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Wading Bird Foraging and Prey Concentration in the Ridge and Slough Landscape of the Everglades

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Date Issued:
2018
Abstract/Description:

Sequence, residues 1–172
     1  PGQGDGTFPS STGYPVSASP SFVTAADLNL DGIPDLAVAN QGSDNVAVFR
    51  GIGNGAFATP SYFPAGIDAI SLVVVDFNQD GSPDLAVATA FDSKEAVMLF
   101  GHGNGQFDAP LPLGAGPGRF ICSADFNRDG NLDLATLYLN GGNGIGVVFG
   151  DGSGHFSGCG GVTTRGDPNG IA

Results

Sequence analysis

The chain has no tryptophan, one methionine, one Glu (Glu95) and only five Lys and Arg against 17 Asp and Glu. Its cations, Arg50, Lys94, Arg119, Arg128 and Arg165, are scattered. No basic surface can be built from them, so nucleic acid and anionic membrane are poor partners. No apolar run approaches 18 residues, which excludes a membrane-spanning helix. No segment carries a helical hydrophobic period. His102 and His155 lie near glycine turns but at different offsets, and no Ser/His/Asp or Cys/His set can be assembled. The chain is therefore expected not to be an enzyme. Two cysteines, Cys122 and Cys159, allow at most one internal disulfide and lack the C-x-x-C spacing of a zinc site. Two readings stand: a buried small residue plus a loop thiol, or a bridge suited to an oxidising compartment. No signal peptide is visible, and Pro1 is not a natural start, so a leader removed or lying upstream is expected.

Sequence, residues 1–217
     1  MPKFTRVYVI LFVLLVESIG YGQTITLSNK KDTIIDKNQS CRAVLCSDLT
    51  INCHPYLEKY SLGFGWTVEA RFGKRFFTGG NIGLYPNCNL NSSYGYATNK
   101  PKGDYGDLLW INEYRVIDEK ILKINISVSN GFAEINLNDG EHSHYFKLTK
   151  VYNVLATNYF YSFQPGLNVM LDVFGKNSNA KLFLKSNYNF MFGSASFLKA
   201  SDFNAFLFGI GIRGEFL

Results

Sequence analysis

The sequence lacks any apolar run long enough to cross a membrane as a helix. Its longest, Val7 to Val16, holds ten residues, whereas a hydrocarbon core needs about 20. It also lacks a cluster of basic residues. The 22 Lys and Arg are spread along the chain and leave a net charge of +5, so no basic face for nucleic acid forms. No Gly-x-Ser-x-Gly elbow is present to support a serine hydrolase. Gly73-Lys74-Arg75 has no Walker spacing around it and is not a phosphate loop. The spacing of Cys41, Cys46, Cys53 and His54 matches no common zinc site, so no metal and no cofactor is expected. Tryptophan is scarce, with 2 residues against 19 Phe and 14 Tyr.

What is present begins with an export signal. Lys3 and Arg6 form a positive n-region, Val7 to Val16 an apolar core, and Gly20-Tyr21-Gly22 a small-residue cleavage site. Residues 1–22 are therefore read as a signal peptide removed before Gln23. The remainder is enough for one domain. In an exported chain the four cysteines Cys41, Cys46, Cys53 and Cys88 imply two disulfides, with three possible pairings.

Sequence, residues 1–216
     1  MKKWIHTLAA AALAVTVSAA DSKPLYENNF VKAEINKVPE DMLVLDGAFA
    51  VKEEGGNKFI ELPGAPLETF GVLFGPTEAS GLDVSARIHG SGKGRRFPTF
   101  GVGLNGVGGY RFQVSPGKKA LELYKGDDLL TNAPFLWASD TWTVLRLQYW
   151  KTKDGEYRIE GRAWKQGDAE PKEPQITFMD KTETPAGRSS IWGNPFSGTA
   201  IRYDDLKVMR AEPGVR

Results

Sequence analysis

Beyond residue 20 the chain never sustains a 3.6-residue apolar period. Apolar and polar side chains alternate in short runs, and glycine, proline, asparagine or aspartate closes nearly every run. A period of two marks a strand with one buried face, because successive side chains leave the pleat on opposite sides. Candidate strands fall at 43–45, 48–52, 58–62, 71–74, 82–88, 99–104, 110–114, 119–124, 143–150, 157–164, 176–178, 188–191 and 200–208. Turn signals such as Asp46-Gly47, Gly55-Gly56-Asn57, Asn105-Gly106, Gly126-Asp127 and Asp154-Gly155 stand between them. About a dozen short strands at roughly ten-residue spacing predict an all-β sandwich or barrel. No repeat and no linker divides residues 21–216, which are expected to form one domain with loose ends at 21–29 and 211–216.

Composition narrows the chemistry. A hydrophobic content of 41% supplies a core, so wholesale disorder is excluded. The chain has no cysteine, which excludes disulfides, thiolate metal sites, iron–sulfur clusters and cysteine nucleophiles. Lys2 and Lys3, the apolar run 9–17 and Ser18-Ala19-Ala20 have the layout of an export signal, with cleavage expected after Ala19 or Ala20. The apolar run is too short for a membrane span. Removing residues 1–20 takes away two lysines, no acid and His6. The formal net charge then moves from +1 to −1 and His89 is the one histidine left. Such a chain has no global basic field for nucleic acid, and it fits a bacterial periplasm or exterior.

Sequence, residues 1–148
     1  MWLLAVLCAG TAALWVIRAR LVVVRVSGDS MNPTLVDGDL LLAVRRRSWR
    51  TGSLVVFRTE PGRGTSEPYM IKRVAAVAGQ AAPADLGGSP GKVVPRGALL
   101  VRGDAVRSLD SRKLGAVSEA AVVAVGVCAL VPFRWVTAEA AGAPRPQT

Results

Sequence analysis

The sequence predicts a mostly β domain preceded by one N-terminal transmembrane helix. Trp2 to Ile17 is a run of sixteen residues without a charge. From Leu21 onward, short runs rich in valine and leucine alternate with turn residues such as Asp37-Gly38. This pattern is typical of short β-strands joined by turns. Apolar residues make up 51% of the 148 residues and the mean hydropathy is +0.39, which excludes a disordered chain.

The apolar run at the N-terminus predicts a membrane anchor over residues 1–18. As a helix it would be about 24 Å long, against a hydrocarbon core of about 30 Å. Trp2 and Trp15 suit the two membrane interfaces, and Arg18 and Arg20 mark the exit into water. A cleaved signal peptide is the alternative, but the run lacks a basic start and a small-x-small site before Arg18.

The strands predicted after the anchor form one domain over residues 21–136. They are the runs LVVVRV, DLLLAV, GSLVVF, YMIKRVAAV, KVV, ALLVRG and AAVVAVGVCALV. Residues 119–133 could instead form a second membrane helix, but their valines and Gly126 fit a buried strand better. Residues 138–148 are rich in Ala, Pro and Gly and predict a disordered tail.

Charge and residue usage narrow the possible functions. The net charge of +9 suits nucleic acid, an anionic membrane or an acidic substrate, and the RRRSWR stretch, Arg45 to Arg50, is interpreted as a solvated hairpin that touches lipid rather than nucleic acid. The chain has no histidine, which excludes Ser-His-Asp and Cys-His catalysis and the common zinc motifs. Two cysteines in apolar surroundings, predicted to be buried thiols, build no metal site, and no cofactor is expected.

The hydrological and topographical variation of wetlands can affect the behavior, population growth, and local densities of aquatic species, which in turn can drive the behavior and density dynamics of gleaning predators. Prey availability, primarily determined by prey density and water depth in wetlands, is an important limiting factor for nesting wading bird populations, top predators in the south Florida Everglades. The Everglades is able to support large colonies of nesting wading birds because of the microtopographic variation in the landscape. Some types of prey concentrate in flat, shallow sloughs or become trapped in isolated pools as they move down from higher elevation ridges with receding water levels. Manipulations to the hydrology and landscape of the Everglades has negatively impacted nesting wading bird populations in the past, and may continue to be detrimental by allowing flat, shallow sloughs to be intersected by deep canals, a potential refuge for wading bird prey. In addition, the subtle elevation differences between the ridge and slough landscape may be an important mechanism for increasing slough crayfish (Procambarus fallax) prey availability for the most abundant and seemingly depth-sensitive Everglades wading bird, the White Ibis (Eudocimus albus). I implemented a 2-year experimental study in four replicated manmade wetlands with controlled water recession rates in order to determine the effects of proximate deep water (akin to canals) on fish prey concentrations in the sloughs, as water levels receded similarly to a natural Everglades dry season. I also calculated average daily wading bird densities with game cameras (Reconyx PC800 Hyperfire) using timelapse imagery over 60 days to determine when and where wading birds responded to changing prey concentrations. I completed an additional observational study on White Ibis and slough crayfish prey from the first year of data (2017). Crayfish make up the majority of the diet for nesting White Ibis, and literature has suggested crayfish are most abundant at slough depths much deeper than previously proposed foraging depth limitations for White Ibis. This study specifically compared recent determinations about crayfish movement dynamics in the ridge and slough system with White Ibis foraging behavior and depth limits. Results from the first experimental study suggest that canals might be an attractive refuge for relatively large prey fishes (> 3 cm SL) in sloughs, but it is uncertain if the fencing blocked all prey fish movement. The second observational study determined White Ibis foraging activity was primarily driven by a down-gradient crayfish flux from ridge to slough, with the majority of foraging activity occurring at much deeper slough depths than previously suggested water depth limitations for White Ibis. Results from both of these studies support the importance of preserving the ridgeslough landscape of the Everglades to sustain high prey availability for wading birds.